Copyright © 2019, Los Angeles Times | Terms of Service | Privacy Policy

Dog airlifted from San Gabriel Mountains after suffering heat exhaustion

With temperatures reaching the mid-90s in Glendale last weekend, authorities conducted two separate rescues of dogs that became overheated on the city’s hiking trails.

The most daring rescue occurred on Sunday when a dog had to be airlifted from the San Gabriel Mountains after the chocolate Labrador became stranded with his owner on a trail near Mount Lukens. According to Anita Shandi, a spokeswoman with the Glendale Fire Department, the dog suffered from heat exhaustion as well as cuts and bruises to his paws rendering him unable to walk.

Authorities from the Burbank and Glendale fire departments were called to the scene to help the dog and the hiker, who was a Glendale resident.

Shandi said a helicopter from the Los Angeles Fire Department eventually airlifted the two to Deukmejian Park. The dog was subsequently taken to a veterinarian to be examined.


The owner of the dog will not have to foot the bill for the airlift.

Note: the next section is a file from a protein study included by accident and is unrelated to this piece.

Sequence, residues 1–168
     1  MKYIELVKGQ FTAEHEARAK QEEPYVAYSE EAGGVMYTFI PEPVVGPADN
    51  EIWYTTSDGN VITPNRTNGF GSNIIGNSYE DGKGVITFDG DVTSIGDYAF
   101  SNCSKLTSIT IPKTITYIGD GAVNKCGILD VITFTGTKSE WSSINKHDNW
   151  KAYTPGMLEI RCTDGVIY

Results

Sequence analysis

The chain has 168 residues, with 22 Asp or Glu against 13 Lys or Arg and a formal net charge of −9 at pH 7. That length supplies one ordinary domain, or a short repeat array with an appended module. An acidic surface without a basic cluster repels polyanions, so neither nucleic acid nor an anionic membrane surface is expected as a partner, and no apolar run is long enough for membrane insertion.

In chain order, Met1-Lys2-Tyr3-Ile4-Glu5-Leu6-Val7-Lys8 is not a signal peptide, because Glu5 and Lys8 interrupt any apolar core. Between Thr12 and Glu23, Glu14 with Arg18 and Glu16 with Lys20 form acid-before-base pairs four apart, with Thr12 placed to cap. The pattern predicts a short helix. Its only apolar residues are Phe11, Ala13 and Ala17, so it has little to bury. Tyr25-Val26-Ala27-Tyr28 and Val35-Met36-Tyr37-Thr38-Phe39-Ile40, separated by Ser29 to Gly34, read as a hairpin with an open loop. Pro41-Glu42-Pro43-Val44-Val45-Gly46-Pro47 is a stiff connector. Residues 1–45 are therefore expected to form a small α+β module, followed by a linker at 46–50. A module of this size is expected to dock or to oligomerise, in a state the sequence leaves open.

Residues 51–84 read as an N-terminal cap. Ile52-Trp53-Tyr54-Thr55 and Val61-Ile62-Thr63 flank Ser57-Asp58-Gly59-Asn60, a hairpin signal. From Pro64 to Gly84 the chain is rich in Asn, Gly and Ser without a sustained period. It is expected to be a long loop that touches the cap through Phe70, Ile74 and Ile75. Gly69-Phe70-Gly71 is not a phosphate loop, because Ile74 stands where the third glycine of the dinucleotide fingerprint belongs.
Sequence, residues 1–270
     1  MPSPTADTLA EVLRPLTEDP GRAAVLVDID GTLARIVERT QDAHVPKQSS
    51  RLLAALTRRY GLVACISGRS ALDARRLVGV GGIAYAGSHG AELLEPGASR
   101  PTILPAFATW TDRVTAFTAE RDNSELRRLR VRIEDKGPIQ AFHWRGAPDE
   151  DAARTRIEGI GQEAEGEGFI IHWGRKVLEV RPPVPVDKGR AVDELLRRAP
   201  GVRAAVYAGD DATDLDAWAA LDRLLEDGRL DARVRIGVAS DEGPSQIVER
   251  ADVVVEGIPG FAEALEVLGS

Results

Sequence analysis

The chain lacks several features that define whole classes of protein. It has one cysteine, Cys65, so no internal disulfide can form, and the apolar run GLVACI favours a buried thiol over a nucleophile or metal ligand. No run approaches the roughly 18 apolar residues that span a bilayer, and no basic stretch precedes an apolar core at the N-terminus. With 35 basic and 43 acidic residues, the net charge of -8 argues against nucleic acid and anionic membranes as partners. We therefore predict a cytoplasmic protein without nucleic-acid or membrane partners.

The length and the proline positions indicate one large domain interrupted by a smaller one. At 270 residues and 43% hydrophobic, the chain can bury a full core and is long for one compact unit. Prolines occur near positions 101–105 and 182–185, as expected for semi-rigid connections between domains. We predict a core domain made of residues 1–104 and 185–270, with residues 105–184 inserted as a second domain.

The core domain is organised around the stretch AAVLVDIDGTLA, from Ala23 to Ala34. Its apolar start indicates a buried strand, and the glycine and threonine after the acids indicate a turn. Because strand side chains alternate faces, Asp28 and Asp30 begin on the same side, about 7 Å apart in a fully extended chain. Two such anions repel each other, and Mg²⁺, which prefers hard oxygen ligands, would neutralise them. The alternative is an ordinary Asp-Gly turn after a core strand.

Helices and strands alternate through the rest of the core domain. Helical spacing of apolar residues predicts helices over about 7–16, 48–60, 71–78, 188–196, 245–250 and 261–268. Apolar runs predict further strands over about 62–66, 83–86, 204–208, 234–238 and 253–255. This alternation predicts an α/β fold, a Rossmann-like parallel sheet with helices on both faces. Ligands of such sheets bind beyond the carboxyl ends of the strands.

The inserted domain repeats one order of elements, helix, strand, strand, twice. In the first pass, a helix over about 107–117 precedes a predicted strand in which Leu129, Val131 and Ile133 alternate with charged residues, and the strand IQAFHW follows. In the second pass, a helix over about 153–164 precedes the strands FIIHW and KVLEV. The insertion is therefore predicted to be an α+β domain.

In an email, LAFD spokesman Peter Sanders said the department has mutual aid agreements with neighboring cities and counties and does not charge individual people or other departments for rescues.

Charges would only be made if a person was transported by helicopter to a hospital for treatment. In that case, Sanders said the cost would be similar to an ambulance ride.

A dog suffering from heat exhaustion was also rescued from Brand Park on July 15, 2017.
A dog suffering from heat exhaustion was also rescued from Brand Park on July 15, 2017.
(Courtesy of the Glendale Fire Department)


On Saturday, Glendale firefighters were called to Brand Park after receiving word of a hiker who became stranded and whose dog was suffering from heat exhaustion.

While that dog was not airlifted from the area, it received water and was taken to safety.

Twitter: @Andy_Truc


July 21, 2017; 4:54 p.m.: This article was updated with information about the airlift from the Los Angeles Fire Department.

This article was originally published at 1:10 p.m. on July 19, 2017.